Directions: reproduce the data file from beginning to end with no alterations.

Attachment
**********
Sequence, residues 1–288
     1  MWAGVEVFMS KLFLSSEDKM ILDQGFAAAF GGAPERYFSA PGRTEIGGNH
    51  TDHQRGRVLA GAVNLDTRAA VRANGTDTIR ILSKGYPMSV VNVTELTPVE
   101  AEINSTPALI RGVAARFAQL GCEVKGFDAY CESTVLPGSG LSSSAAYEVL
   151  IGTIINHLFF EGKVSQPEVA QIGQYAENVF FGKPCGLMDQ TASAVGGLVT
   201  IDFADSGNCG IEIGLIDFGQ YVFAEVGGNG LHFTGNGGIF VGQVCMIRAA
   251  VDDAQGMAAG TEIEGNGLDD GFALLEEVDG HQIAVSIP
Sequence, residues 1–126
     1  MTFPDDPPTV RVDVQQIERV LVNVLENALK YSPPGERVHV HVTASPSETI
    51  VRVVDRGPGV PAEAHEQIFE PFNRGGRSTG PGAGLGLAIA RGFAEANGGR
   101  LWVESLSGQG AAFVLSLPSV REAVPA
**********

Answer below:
Sequence, residues 1–288
     1  MWAGVEVFMS KLFLSSEDKM ILDQGFAAAF GGAPERYFSA PGRTEIGGNH
    51  TDHQRGRVLA GAVNLDTRAA VRANGTDTIR ILSKGYPMSV VNVTELTPVE
   101  AEINSTPALI RGVAARFAQL GCEVKGFDAY CESTVLPGSG LSSSAAYEVL
   151  IGTIINHLFF EGKVSQPEVA QIGQYAENVF FGKPCGLMDQ TASAVGGLVT
   201  IDFADSGNCG IEIGLIDFGQ YVFAEVGGNG LHFTGNGGIF VGQVCMIRAA
   251  VDDAQGMAAG TEIEGNGLDD GFALLEEVDG HQIAVSIP
Sequence, residues 1–126
     1  MTFPDDPPTV RVDVQQIERV LVNVLENALK YSPPGERVHV HVTASPSETI
    51  VRVVDRGPGV PAEAHEQIFE PFNRGGRSTG PGAGLGLAIA RGFAEANGGR
   101  LWVESLSGQG AAFVLSLPSV REAVPA